c o s ( X i , X j ) = k = 1 p X i k × X j k k = 1 p X i k 2 × k = 1 p X j k 2 .
I S ( X i , X j ) = k = 1 p l = 1 p X i k × X j l × S ( W i k , W j l ) + k = 1 p l = 1 p X i k × X i l × S ( W i k , W i l ) + k = 1 p l = 1 p X j k × X j k × S ( W j k , W j l ) k = 1 p l = 1 p X i k × X j l × S ( W i k , W j l ) .
I S s ( X i , X j ) = 1 p 2 k = 1 p l = 1 p X i k × X j l × S ( W i k , W j l )
In the context of asymmetric attributional word similarities research [32,33] the directions of co-occurrences are noted and exploited, but there does not exist an in-depth study either a theoretical account of this phenomenon. The efforts are directed towards developing asymmetric distributional similarity measures such as the Kullback–Leibler divergence [34] defined in Equation (13) where A = { z , r | ( x , z , r ) z , r | ( y , z , r ) } , which has been regularly set apart from the Jensen–Shannon divergence [35], its symmetric counterpart. We can also point at the cross-entropy described in [14].
K L ( x y ) = z , r A log P ( z | x ) × log P ( z | x ) log P ( z | y ) .
Although there are many asymmetric similarity measures, they evidence problems that may reduce their utility. On the one hand, asymmetric association measures can only evaluate the generality/specificity relation between words that are known to be in a semantic relation such as in [17,18]. Indeed, they generally capture the direction of the association between two words based on document contexts and only take into account loose semantic proximity between words. For example, it is highly probable to find that Apple is more general than the iPad, which can not be assimilated to a hypernymy/hyponymy or meronymy/holonymy relation. On the other hand, asymmetric attributional word similarities only take into account common contexts to assess the degree of asymmetric relatedness between two words. To leverage these issues, we define AIS measure, which the underlying idea is to say that one-word x is semantically related to a word y and x is more general than y if x and y share as many relevant related words as possible and each context word of x is likely to be more general than most of the context words of y. The AIS is defined in Equation (14), where A S ( . . ) is an asymmetric similarity measure, likewise for the IS in Equation (11) where S ( . , . ) stands for any symmetric similarity measure, where each W i k and W j l corresponds to the attribute word at the k t h and l t h position in the vectors X i and X j respectively, p is the length of the vector X i and X j (the lengths of the vectors can be different, so, p can be different from the accord with a vector). We also define its simplified version A I S s ( . . ) in (15).
A I S ( X i X j ) = k = 1 p l = 1 p X i k × X j l × A S ( W i k W j l ) k = 1 p l = 1 p X i k × X i l × A S ( W i k W i l ) + k = 1 p l = 1 p X j k × X j k × A S ( W j k W j l ) k = 1 p l = 1 p X i k × X j l × A S ( W i k W j l ) .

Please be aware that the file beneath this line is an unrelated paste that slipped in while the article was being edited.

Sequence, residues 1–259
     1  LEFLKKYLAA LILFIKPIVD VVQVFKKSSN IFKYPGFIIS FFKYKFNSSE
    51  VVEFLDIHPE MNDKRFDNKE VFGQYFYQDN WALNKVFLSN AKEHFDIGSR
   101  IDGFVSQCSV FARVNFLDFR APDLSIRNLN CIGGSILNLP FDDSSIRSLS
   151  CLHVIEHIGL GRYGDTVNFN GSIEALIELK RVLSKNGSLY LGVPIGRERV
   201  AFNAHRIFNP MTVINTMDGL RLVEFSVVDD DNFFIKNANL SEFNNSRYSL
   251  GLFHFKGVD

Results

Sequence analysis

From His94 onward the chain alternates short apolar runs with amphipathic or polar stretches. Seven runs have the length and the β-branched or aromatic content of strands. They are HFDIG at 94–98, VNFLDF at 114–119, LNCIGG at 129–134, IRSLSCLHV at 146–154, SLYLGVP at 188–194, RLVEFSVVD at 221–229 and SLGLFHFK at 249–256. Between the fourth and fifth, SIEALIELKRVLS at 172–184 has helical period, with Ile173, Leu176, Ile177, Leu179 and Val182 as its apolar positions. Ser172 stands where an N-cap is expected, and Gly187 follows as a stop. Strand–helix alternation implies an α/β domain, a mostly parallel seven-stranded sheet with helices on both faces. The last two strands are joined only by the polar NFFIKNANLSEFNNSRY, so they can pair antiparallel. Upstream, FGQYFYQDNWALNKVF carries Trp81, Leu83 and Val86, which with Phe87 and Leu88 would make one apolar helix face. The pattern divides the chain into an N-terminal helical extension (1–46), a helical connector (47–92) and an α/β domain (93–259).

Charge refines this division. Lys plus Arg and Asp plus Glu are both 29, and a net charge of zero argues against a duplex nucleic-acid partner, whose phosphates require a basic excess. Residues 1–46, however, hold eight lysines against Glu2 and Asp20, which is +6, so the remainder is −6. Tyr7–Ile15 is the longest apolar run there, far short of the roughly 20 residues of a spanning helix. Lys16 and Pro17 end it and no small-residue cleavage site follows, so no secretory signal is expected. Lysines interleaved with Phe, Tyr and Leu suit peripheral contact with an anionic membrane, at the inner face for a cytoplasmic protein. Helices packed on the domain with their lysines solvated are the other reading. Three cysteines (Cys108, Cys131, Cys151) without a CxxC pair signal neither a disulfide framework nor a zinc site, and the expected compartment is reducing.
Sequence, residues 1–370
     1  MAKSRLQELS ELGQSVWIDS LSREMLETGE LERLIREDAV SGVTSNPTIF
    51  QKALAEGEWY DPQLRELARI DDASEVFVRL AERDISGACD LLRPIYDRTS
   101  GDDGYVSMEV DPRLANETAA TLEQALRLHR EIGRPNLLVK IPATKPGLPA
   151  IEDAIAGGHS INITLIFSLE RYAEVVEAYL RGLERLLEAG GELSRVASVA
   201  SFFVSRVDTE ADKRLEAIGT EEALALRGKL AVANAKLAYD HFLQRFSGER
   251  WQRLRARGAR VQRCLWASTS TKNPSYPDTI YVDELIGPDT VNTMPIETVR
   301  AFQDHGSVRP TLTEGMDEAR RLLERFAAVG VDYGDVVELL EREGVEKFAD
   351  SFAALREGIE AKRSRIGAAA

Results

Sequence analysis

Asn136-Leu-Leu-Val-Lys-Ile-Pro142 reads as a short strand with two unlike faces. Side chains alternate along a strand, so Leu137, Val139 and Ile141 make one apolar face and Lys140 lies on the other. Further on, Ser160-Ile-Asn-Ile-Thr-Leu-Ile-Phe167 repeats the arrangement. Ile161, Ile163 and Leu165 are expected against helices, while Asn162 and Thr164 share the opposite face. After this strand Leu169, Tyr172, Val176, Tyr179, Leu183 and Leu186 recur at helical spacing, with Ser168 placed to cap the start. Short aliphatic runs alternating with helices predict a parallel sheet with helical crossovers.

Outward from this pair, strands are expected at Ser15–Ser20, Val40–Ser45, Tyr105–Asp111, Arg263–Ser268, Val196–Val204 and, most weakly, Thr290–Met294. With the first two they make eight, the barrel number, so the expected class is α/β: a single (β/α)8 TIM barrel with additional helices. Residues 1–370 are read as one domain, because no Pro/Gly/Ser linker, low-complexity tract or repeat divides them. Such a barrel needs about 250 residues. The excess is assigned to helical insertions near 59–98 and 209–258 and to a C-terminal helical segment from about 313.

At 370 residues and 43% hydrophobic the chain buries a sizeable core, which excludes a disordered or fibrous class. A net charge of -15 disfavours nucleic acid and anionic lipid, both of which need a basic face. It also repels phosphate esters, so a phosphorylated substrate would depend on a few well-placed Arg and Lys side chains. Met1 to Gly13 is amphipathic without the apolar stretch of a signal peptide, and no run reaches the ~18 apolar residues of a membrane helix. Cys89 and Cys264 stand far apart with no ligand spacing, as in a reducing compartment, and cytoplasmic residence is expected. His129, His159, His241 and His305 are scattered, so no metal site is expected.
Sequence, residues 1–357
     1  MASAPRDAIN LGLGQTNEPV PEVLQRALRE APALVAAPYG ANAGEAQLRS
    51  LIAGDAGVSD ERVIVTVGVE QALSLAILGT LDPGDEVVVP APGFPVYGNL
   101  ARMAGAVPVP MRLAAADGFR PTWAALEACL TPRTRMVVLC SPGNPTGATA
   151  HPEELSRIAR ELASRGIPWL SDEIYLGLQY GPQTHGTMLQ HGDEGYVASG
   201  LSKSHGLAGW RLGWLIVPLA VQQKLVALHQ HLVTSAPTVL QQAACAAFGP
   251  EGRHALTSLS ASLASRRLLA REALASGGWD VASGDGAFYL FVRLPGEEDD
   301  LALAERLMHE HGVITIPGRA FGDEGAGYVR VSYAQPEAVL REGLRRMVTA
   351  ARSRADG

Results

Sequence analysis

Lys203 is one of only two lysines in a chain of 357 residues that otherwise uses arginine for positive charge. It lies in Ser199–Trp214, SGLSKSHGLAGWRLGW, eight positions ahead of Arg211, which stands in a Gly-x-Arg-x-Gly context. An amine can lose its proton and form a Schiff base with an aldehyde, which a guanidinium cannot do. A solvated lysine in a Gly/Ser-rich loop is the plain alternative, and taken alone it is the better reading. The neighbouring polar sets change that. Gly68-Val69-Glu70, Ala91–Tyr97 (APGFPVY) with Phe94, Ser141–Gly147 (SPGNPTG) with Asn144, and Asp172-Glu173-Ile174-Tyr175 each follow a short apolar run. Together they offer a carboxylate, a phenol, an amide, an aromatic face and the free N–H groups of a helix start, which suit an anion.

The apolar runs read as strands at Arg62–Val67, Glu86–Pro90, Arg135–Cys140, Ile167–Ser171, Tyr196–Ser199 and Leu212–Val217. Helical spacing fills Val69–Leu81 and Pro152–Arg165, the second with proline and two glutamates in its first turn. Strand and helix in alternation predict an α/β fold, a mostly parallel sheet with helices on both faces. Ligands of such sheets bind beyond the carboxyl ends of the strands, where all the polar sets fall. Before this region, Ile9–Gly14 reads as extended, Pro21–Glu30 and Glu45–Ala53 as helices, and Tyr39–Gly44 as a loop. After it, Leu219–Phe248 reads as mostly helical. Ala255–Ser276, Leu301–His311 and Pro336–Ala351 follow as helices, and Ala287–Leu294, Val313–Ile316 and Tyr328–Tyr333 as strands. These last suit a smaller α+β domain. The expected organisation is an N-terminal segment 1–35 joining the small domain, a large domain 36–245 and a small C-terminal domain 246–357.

A I S s ( X i X j ) = 1 p 2 k = 1 p l = 1 p X i k × X j l × A S ( W i k W j l ) , provided that : W i k W j l .

5. TEG Corpus

Large scale annotation projects such as TreeBank [36], PropBank [37], TimeBank [38], FrameNet [39], SemCor [40], and others play an important role in NLP research, encouraging the development of new ideas, tasks, and algorithms. The construction of these datasets, however, is costly in both annotator-hours and financial cost. Since the performance of many NLP tasks is limited by the amount and quality of data available to them [41], one promising alternative for some tasks is the collection of non-expert annotations. The availability and the increasing popularity of crowdsourcing services have been considered as an interesting opportunity to meet the needs above and design criteria.
Crowdsourcing services have been recently used with success for a variety of NLP applications [42]. Although Amazon Mechanical Turk (MTurk) is directly accessible only to US citizens, the Figure Eight Platform service (https://www.figure-eight.com/ [Last access: 28 June 2019]) provides a crowdsourcing interface to MTurk for non-US citizens.
The main idea in using crowdsourcing to create NLP resources is that the acquisition and annotation of large datasets, needed to train and evaluate NLP tools and approaches, can be carried out cost-effectively by defining simple Human Intelligence Tasks (HITs) routed to a crowd of non-expert workers, called "Turkers", hired through online marketplaces.

Building Methodology—Quantitative Analysis

Our approach builds on a pipeline of HITs routed to the MTurk workforce through the Figure Eight Platform interface. The objective is to collect T , H pairs where entailment by generality holds.
Our building methodology has several stages. First, we select the positive pairs of TE from the first five RTE challenges. These pairs are then submitted to Figure Eight Platform through a job that we have built online, to be evaluated by “Turkers”. In Figure Eight Platform each T , H pair is a unit. The “Turkers” are asked to select either one of the following three classifications: